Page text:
Latest researches and experimentations by major financial world players showed that blockchain means more than just a basis for transactions. The technology has the potential to change fundamentally the processes that underpin financial services.
“Blockchain will continue to evolve further due to the massive digitalisation happening in the wake of the COVID-19 pandemic”, predicts Martha Bennett, vice president and senior analyst at Forrester Research,. “It’s a revolutionary technology, and that’s not a bold statement.”
Bennet believes the most successful blockchain-based projects will be those that use smart contracts and tokenisation, but not for optimising existing systems, but for replacing them.
However, blockchain has some problems that still need to be solved.
Question: What is in common between all these activities?
|crypto exchanges||real estate|
Answer: They all need KYC.
Blockchain and International regulations
While understanding the potential and power of blockchain technology, it is important to keep in mind that it can be used both creatively and destructively. A good analogy is the atom fission, a reaction that releases massive amounts of energy. It can be used both for the development of mankind and for its destruction. What matters is how it is applied.
One of the most important provisions in the FATF new recommendations is the obligation of operators of cryptocurrency services to provide each other with information about customers transferring funds between them. This information includes transfers in both fiat currencies and cryptocurrencies. It is KYT as a matter of fact (Know Your Transaction), which incorporates screening and reporting client’s cryptocurrencies for involvement in criminal schemes.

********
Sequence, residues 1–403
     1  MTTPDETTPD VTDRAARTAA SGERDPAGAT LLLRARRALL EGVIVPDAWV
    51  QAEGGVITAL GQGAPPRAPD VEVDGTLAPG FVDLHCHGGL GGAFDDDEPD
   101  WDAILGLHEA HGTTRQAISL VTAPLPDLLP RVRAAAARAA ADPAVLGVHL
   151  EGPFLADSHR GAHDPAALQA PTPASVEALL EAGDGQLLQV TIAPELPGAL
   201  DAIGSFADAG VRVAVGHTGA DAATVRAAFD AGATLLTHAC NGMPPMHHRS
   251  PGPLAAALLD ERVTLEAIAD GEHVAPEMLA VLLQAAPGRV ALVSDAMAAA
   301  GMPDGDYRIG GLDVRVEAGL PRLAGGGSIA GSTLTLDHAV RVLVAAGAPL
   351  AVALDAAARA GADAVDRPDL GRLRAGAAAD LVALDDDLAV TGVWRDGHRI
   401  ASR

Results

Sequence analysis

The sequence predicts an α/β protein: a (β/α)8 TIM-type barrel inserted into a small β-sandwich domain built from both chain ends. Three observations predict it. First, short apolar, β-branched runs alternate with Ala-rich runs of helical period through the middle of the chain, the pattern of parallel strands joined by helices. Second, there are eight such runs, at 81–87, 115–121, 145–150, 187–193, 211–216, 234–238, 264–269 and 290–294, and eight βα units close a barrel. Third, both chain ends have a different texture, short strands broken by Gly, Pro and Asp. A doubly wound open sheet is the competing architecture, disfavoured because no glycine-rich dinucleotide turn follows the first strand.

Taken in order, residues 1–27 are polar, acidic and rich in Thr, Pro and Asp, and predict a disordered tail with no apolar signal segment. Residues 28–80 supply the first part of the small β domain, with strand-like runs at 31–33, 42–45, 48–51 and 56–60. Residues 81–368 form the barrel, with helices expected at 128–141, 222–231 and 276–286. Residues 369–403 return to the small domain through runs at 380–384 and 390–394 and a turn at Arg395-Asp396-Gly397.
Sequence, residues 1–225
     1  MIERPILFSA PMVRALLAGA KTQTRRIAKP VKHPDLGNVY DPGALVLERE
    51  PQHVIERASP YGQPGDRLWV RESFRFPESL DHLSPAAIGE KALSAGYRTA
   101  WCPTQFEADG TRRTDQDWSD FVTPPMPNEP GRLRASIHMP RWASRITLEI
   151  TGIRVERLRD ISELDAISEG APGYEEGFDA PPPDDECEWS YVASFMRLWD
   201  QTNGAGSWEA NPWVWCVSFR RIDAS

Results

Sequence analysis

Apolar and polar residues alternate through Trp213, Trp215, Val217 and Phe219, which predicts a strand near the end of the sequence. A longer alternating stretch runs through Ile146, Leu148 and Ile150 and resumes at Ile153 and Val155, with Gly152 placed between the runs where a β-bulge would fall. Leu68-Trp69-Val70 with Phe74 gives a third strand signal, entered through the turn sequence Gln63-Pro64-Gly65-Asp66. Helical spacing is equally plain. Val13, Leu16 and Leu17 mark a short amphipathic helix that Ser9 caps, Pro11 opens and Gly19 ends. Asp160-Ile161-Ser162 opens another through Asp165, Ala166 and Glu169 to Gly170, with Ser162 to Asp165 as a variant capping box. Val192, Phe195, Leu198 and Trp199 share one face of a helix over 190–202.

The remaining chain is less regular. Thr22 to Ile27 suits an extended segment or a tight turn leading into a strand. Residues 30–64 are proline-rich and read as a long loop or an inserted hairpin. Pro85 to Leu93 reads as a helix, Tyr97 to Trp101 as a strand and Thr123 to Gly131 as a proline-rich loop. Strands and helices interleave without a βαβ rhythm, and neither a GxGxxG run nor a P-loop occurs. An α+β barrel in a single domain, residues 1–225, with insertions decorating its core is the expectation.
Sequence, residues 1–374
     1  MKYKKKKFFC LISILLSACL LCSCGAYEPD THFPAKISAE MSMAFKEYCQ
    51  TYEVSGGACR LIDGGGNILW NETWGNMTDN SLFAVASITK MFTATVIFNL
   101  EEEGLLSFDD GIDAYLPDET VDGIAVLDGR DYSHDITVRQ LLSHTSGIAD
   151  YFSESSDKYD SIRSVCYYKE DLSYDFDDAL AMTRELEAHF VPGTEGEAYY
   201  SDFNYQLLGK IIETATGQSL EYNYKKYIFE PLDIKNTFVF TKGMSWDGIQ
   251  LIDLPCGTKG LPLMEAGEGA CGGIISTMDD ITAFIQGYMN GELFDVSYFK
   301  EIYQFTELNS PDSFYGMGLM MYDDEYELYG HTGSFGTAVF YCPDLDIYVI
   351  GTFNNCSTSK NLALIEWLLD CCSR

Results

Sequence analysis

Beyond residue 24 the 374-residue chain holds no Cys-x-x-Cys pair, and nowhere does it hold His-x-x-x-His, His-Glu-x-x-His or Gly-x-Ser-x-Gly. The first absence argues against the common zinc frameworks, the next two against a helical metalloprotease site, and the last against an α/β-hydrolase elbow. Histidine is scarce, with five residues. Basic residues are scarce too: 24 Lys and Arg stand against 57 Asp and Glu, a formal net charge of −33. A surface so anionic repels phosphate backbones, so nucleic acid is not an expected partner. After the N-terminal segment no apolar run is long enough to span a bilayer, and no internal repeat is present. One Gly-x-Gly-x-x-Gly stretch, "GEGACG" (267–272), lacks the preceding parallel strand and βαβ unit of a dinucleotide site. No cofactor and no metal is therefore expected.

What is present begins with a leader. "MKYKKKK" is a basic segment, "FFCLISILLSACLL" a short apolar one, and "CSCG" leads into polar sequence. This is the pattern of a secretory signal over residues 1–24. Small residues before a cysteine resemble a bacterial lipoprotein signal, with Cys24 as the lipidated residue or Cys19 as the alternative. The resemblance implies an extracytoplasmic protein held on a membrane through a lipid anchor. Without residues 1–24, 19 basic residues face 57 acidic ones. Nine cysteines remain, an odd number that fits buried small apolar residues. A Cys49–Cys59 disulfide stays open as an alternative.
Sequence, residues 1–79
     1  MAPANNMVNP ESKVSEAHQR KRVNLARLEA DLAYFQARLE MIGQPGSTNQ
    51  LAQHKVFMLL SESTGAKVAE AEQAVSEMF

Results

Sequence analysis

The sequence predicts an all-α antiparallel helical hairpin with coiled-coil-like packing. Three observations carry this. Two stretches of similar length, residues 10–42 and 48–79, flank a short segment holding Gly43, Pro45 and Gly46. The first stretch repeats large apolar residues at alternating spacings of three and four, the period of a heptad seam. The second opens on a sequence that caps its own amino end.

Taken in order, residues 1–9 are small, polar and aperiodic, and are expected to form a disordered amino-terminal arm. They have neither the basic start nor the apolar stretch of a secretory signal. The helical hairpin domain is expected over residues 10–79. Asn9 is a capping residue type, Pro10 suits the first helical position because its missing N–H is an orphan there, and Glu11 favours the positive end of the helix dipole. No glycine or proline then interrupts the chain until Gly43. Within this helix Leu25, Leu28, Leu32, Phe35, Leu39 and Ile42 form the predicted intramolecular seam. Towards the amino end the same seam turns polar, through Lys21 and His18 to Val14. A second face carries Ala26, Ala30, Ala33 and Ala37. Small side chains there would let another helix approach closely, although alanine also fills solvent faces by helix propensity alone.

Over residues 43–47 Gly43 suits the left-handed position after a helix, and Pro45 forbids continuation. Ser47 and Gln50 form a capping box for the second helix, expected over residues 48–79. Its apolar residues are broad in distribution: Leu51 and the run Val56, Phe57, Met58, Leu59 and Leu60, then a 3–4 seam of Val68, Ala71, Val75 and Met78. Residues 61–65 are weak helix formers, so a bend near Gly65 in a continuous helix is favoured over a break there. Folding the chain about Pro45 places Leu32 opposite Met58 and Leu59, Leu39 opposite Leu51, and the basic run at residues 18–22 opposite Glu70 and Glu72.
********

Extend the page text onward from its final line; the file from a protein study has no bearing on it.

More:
To meet new requirements, cryptocurrency operators and stock exchanges have to create a unified database of their customers and follow new rules:
- access for users from countries under international sanctions must be restricted
- anonymous cryptocurrencies must be removed from exchanges
- branches opened in certain countries, must comply with local legislation
- exchanges must collaborate with analytical services that facilitate customer compliance and transaction monitoring requirements
- must stay engaged with law enforcement and tax authorities
Despite the US, where cryptocurrencies have been regulated for several years by solid aml policies, Europe had regulatory uncertainty about digital currencies for a long time.
So, It is not surprising, that after evaluating all the possibilities of blockchain technology, the EU eventually turned its attention to the existing risk of blockchain use in illegal activities. In 2018, the EU adopted the Fifth Directive, which finally came into force in 2020. Although most EU states failed to follow the directive by that time, the next and even tougher challenge is already here: AMLD6
The Fifth Directive requires cryptocurrency exchange platforms, service operators, banks, payment systems, etc to verify transactions, detect and report any suspicious activity. Legislation on personal data protection, control of money laundering and terrorist financing, licensing, certification, registration are other examples of regulatory requirements.
Financial institutions are cautious about regulatory risks. However, they don’t want to fall behind in the blockchain race, which explains the increasing interest in research, adaptation and development of this “revolutionary” technology.
The new regulations have required the introduction of new mechanisms: for instance a user verification system, transaction monitoring and aml procedure. Neither of it is an easy process if you do it in-house and start from scratch.
BASIS ID helps blockchain comply with KYC and AML regulations
The necessity to monitor blockchain transactions, along with sanctions screening and analysis for money laundering plus related criminal activity, has resulted in the growth of companies that help solve this task.